Important!  You wouldn’t want to change a password that is used by other processes. That could be bad, potentially.  For instance, you wouldn’t want to change the password used to access your database, unless you change the values in the website as well.  Not doing so could bring down your website.  Make sure you understand exactly what’s being affected by the change before making the change!

3. Don’t share your password at all

Maybe you don’t want to share your password at all.  While its possible to build a website without having access to a production server, it does complicate the issue.  Web sites can usually be built in their entirety on a desktop or laptop and then deployed to a production server later on, when all is said and done.  If you decide that you don’t want to share your password nor provide access to the systems required for the project, the web developer will then have to perform all their work locally on their desktop or laptop.  Expect to be more involved with the process though.  There are times when the developer will need information, data or files that just can’t be obtained without those credentials.

I usually don’t meet many people that want me to develop a site for them who also have the ability to install and configure it when I pass all the files over to them.  Those people are usually able to develop a site themselves as well, so they normally don’t need someone like me. But in the case where trust might be an issue, you might have the individual build the website, and then use another developer that you do trust to perform the installation and configuration.

As you can see, while this option might be the best security for you, it’s also producing many obstacles that will need to be overcome.  The amount of time required for the site to reach production mode will be increased, and not to mention that there might be additional costs incurred by the web developer having to establish a mock site on their local computer for development.

The bottom line is trust

The bottom line here is trust.  If you don’t trust your web developer, why are you even considering them?  Any web developer worth their salt is going to help you feel comfortable, and ultimately prove to you that you can trust them. At the end of the day though, you should keep your username and password safe from others, but sometimes you do need to share your credentials to get stuff done.

How I operate

As a web developer, I usually need to ask for credentials to my client systems.  I remember a long time ago when I was handling some of my very first clients how awkward it felt to ask for the administrative username and password to someone’s website.  Its ingrained in all our minds to keep them safe and to never give them away, and here I was asking for the keys to their digital kingdom. It took me a little time to get comfortable with the idea, but this experience helps me to understand where others are coming from, hence how these options have come about.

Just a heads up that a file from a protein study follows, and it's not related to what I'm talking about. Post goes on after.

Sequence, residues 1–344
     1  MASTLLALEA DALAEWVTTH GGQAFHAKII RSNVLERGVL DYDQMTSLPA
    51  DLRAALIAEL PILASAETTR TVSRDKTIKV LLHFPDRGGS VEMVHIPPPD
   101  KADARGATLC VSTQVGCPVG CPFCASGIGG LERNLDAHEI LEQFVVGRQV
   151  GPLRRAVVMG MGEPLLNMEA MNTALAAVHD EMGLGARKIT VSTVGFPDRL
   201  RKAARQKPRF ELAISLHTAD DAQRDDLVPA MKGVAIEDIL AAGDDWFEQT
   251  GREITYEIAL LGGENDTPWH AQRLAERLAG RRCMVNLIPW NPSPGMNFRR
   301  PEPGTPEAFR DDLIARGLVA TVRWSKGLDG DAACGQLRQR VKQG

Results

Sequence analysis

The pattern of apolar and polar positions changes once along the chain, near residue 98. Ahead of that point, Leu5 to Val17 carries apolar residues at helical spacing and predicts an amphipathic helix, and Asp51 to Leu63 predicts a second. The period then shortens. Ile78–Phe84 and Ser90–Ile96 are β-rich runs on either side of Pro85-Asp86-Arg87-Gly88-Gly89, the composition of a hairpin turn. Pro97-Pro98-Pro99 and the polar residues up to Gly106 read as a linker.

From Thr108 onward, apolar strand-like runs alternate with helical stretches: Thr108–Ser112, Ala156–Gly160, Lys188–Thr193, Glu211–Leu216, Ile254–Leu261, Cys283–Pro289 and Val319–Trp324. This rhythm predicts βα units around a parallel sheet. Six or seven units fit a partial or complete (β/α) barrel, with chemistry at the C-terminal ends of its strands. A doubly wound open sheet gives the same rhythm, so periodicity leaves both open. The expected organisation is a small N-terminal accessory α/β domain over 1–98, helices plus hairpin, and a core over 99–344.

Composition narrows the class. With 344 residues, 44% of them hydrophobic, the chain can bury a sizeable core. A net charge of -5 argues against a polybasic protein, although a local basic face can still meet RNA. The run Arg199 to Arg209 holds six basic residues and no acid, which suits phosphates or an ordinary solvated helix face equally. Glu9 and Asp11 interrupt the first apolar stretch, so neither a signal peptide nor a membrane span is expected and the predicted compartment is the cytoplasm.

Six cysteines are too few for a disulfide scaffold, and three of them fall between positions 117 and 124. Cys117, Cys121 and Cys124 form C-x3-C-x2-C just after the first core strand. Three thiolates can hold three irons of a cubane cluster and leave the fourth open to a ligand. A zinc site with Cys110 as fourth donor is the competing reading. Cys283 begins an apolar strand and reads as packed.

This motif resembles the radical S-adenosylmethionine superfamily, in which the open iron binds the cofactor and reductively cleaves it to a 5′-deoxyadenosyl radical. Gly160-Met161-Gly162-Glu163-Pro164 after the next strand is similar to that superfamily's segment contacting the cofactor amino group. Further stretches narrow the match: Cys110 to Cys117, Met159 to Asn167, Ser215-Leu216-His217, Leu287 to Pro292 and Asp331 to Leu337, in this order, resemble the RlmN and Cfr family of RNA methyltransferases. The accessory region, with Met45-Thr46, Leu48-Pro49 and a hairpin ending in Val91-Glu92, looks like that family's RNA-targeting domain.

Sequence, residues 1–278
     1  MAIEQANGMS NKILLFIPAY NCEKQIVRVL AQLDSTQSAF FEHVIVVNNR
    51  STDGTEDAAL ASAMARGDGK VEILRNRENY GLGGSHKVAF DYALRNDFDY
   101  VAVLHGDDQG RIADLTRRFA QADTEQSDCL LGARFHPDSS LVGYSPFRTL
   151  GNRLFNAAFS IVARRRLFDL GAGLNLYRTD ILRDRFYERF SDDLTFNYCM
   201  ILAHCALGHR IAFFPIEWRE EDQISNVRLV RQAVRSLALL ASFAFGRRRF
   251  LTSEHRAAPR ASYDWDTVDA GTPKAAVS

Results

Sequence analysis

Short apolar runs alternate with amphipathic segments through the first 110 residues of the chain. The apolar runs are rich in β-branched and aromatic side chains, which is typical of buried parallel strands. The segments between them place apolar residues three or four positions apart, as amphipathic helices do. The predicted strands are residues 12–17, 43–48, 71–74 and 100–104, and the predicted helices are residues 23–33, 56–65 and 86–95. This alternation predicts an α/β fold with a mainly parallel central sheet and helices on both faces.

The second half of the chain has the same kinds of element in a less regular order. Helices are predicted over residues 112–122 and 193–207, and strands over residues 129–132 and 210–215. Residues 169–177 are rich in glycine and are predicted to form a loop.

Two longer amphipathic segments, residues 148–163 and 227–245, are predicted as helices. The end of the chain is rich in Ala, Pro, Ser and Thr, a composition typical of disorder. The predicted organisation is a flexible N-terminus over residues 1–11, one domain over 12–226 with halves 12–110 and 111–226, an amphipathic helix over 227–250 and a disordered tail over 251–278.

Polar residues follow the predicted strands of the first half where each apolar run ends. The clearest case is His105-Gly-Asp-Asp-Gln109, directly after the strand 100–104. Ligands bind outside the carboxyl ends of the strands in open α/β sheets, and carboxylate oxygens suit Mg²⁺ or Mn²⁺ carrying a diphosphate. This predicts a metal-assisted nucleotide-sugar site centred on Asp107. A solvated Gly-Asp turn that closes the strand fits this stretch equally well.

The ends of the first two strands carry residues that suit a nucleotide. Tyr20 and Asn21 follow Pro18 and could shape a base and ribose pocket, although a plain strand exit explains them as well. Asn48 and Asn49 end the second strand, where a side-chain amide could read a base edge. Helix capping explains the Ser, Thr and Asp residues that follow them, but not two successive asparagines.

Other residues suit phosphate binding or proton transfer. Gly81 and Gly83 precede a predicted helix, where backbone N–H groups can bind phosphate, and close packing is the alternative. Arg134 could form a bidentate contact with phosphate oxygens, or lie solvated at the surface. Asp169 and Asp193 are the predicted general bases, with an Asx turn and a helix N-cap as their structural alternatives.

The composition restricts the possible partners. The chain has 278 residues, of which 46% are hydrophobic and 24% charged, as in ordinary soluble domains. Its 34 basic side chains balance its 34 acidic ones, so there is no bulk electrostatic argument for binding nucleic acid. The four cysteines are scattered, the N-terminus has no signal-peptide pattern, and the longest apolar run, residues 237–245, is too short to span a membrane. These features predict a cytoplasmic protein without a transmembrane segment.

If you and I ever work with each other, I will ask you for access to your systems if and when I need them.  Don’t ever just provide me the keys to your kingdom; allow me to ask for them first.  I want to make sure that you feel comfortable enough, and I with you before sharing sensitive information.

When I do ask, don’t let it come as a shock to you since I do need these things to do what I need to do.  The ideas above are great ways to maintain a little control if you feel you need that control, so use them to your advantage.  To do what I do, I don’t necessarily need access to your hosting account, nor your backed WordPress administration to perform web development services, but it does help speed things along when I do have access.

Having a web developer deploy the changes however will always require that credentials be provided.

Have some additional ideas?

How did you feel the first time sharing your username and password with someone? Have some ideas that you would like to add?

Let me know in the comments below. Thanks for reading.

About Wayne

Hi, I'm Wayne. I've been building Windows applications and websites for over 25 years. Everything shared in this blog is my own personal opinion based on my own experiences. It's my hope that I've helped you learn something new or overcome some obstacle. I invite you to reach out to me if you need assistance. I'm a "technical mechanic" for hire, but questions are always free.

No Comments

Be the first to start a conversation

Leave a Reply

  • (will not be published)